How is ADHD diagnosed?
There are two systems of international classification criteria for diagnosing ADHD. One system was created by the American Psychiatric Association (APA) and the other by the World Health Organization (WHO). These classification systems are used to determine which conditions and symptoms need to be present for a patient to receive an ADHD diagnosis. According to the “ICD-10 Classification of Mental and Behavioural Disorders” by the WHO, someone needs to show the symptoms of inattention and hyperactivity before the age of six to be diagnosed with ADHD. In the UK, doctors are using the “Diagnostic and Statistical Manual of Mental Disorders” (DSM-V) created by the American Psychiatric Association, which lists the following criteria for ADHD:
For someone to be diagnosed, he or she must have suffered at least six (or more) of the following symptoms before the age of 12. The symptoms must also exist for six months or more and to a degree that is different from those considered normal for similarly aged children in an academic environment or extracurricular activity. At least five symptoms are required to make a diagnosis of ADHD in older adolescents and adults (age 17 and older).
- Often fails to pay attention to details or makes careless mistakes in schoolwork, at work, or during other activities
- Tends to have difficulty sustaining attention during tasks or recreational activities, such as in class, in conversations, or during prolonged reading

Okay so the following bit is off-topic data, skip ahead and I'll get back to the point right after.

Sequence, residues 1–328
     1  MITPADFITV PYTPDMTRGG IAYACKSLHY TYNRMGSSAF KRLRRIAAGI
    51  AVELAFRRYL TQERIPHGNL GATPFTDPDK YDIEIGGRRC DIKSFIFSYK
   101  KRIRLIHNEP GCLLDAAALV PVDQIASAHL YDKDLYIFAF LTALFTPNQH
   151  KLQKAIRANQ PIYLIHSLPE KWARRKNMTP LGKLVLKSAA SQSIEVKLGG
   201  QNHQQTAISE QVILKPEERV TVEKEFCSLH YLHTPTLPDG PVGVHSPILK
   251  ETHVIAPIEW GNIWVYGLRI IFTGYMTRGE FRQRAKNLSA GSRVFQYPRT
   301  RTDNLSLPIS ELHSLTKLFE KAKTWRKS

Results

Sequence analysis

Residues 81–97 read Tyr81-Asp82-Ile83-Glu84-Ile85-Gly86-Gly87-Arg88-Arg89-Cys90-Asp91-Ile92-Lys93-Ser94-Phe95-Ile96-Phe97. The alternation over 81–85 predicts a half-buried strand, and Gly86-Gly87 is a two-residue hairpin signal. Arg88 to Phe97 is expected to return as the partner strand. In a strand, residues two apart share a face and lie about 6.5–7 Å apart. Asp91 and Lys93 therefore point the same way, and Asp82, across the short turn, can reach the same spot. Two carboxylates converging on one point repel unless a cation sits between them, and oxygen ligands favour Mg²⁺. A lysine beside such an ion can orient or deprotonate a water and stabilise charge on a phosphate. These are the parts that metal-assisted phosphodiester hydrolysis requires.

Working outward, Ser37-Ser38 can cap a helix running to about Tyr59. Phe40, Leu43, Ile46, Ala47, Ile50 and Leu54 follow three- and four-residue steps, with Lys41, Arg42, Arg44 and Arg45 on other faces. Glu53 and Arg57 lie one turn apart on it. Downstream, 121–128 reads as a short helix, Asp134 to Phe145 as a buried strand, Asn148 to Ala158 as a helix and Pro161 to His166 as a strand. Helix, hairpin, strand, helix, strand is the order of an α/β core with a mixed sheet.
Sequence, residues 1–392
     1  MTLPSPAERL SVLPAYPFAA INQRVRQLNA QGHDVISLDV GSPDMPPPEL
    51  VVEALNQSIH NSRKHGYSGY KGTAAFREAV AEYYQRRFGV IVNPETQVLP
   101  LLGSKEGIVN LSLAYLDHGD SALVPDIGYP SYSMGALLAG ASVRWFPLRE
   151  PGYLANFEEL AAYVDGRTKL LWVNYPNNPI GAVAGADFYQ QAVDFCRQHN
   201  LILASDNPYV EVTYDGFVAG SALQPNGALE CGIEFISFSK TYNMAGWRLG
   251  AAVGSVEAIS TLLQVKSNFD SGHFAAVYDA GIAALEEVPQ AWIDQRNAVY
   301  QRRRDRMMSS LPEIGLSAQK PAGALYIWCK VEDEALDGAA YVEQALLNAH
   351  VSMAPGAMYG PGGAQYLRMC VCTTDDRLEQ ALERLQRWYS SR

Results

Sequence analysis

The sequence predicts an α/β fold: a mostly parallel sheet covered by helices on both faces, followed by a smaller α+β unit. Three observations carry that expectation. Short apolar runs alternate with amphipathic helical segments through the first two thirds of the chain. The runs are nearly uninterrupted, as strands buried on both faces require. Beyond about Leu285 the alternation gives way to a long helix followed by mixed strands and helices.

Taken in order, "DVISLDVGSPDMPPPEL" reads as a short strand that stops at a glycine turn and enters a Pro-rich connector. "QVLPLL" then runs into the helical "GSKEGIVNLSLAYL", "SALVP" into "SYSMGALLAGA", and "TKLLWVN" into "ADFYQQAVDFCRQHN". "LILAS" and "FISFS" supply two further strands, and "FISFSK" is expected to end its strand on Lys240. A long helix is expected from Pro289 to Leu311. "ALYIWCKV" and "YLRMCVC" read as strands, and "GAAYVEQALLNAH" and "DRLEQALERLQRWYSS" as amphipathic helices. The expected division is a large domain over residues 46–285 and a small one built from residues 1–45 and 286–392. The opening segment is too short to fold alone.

- Does not seem to listen when spoken to directly, and seems to have other things on his or her mind even when there is not an obvious distraction
- Fails to follow instructions and finish schoolwork, chores, or work duties (may start work but be distracted quickly and easily evade it)
- Has difficulty organising tasks and activities and putting belongings in order. He or she neglects work, has poor time-management skills, and does not meet deadlines
- Avoids and dislikes tasks that require sustained mental effort, such as schoolwork or chores
- Often loses things necessary for tasks or activities, such as school supplies, pencils, books, tools, wallet, keys, working papers, glasses, or mobile phones
- Easily distracted by external stimuli
- Forgets daily activities, such as homework or doing errands, or in older teens and adults, returning calls, paying bills, or keeping appointments
NOTE: The symptoms are not solely a manifestation of oppositional behavior, defiance, hostility, or failure to understand tasks or instructions. For older adolescents and adults (age 17 and older), at least five symptoms are required.
To be diagnosed with ADHD, a person must also show six or more of the following symptoms of hyperactivity and impulsivity:
- Fidgets with hands or feet or squirms in seat
- Frequently gets up in situations where he or she is expected to remain seated
- Runs around or climbs in situations where It is not appropriate (in teens or adults, this may be limited to fidgeting)
- Unable to quietly play or engage in leisure activities
- Typically too “busy”, acting as if he or she has to do things
- Talks excessively
- Often responds unexpectedly or before a question is concluded or finishes someone else’s thought
- Has difficulty waiting his or her turn
- Interrupts or intrudes on others; distracts others or does not realise he or she is bothering anyone
NOTE: The symptoms are not solely a manifestation of oppositional behaviour, defiance, hostility, or failure to understand tasks or instructions. For older adolescents and adults (age 17 and older), at least five symptoms are required.
Keep in mind that the symptoms must also meet these criteria:
- Be present for at least six months
- Have started before the age of 12
- Be present in two or more places, such as at school and in the home
- Negatively affect day to day life
- Not occur solely due to a psychotic condition
- Not be better explained by another mental condition